While their members in recovery go through coaching and lessons to rehabilitate their lives, the SCT uses social media to educate the average person about homelessness and addiction, as well as the people who may need help.
One key platform where they accomplish this is on their TikTok account, making them one of the first charities in East London to have a presence on this platform. By using their account, they create videos covering mental health, homelessness, addiction and recovery.
TikTok has been widely recognised for the mental health content that is shared on the platform. The ‘mental health’ hashtag alone currently has 28.7 billion views, and the ‘learn on Tik Tok’ hashtag has 266.3 billion views.
One of the SCT’s popular videos on TikTok has been the educational video they shared on SWEP – the severe weather emergency protocol. When watching the video, viewers can hear the strumming of a guitar playing in the background, creating a soulful and reflective ambience as they read about what the SWEP protocol is.
The SWEP protocol allows members of the public to report on people sleeping on the streets during harsh weather conditions. Once it is activated, this means that people who are living on the streets are entitled to emergency accommodation. Following this, provisions will be provided by local councils and local authorities to ensure homeless people are taken care of.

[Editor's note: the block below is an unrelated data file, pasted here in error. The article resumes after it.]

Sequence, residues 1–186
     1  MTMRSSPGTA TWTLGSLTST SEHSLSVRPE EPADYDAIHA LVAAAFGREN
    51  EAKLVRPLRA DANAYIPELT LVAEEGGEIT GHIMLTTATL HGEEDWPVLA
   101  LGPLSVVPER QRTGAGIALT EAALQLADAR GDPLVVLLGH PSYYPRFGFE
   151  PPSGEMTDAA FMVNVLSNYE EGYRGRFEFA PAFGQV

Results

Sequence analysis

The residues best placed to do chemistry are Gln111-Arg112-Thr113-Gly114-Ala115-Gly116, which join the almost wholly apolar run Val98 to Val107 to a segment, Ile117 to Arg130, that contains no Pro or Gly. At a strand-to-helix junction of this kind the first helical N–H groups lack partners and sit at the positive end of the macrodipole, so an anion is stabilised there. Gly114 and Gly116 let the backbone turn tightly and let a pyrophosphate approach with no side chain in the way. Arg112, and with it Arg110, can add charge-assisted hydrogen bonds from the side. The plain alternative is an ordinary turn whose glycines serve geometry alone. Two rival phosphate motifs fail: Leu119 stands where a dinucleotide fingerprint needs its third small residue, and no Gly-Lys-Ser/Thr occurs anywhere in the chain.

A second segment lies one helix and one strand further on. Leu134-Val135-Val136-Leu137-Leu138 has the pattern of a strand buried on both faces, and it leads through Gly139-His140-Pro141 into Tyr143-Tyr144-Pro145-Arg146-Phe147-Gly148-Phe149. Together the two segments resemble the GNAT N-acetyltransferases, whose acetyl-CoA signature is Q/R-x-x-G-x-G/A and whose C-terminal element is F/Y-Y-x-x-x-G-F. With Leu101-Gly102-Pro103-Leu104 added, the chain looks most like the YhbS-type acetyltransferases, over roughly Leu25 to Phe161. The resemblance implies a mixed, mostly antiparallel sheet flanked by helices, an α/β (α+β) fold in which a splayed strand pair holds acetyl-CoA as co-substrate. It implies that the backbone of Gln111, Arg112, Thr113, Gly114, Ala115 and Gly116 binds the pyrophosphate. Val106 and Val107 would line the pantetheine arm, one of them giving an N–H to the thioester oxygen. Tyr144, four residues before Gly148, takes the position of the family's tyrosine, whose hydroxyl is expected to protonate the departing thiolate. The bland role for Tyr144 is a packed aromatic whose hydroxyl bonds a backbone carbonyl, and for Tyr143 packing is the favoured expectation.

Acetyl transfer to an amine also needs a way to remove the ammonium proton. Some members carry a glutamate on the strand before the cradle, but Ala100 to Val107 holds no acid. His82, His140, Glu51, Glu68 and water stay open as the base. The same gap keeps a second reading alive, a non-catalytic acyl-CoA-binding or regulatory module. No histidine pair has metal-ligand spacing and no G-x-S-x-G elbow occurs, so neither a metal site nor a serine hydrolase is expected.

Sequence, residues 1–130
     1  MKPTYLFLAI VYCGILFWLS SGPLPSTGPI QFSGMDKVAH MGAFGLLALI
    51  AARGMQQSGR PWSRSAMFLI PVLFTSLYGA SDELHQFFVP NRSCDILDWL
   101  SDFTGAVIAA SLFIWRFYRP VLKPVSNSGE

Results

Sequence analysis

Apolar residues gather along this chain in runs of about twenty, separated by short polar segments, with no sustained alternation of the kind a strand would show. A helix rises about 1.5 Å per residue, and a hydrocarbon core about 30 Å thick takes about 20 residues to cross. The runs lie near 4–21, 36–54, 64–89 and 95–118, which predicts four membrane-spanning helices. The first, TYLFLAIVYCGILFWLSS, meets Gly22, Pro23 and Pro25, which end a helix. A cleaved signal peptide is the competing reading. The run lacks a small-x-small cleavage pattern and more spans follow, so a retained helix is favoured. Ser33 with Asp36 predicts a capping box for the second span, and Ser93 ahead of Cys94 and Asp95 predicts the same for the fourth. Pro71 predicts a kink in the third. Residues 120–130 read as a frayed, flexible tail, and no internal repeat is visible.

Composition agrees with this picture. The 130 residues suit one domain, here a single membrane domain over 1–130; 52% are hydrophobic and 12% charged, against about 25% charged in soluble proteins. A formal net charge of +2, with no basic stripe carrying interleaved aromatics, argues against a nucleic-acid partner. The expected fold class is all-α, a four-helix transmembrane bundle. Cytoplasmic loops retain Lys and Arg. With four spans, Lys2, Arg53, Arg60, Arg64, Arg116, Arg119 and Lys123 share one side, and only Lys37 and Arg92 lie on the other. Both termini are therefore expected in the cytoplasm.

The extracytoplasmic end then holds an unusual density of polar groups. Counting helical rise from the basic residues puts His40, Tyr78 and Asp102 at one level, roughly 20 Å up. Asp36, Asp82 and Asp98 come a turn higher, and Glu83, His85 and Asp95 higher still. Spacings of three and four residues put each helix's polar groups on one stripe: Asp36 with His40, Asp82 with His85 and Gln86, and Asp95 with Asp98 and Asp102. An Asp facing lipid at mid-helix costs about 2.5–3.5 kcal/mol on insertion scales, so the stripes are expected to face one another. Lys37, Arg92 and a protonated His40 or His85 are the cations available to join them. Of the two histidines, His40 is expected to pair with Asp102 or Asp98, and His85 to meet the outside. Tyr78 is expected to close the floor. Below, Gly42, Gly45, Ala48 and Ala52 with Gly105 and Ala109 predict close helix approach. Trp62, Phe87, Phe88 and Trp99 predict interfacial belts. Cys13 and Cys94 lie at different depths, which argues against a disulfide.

Beyond their educational content, you can also find gems of fashion goods that were donated to their charity shops.
The SCT Shops Instagram account resembles a vibrant clothing catalogue, featuring pictures from their charity shops and photoshoots for their conscious clothing online store.
Recently, the SCT launched their Online Charity Shop, intended to make shopping more accessible after their in-person stores suffered a loss due to the lockdowns caused by the pandemic.
On the website, you can find second-hand designer clothes ranging from Ted Baker, Saint Laurent, Burberry and more. For those without a designer fashion taste, you can also find goods from your favourite high street brands such as & Other Stories and Mango.
Their Shoreditch charity shop is a stone’s throw away from the vintage markets of Brick Lane, one of the popular hotspots for London’s fashion scene. Through their close proximity, their aisles receive an eclectic mix of designer and on-trend high street brands donated by fashion-forward creatives.
SCT’s work is also speaking to the issue of climate change. The fashion industry has been reported to become the second-largest polluter in the world. Thanks to their second-hand clothing and furniture restoration project, buying from SCT supports a more sustainable lifestyle.
Just as they give new life to things, they also believe that everyone deserves a second chance at finding happiness.
We’re all accustomed to seeing multi-million-pound global corporations using social media to sell products and advance profit margins, but Whitechapel’s Spitalfields Crypt Trust has shown how even small charities can use social media to educate and advance their social cause among the all-important GenZ generation.
If you enjoyed this article you may also like to read Maria Dickin and the history of the People’s Dispensary for Sick Animals.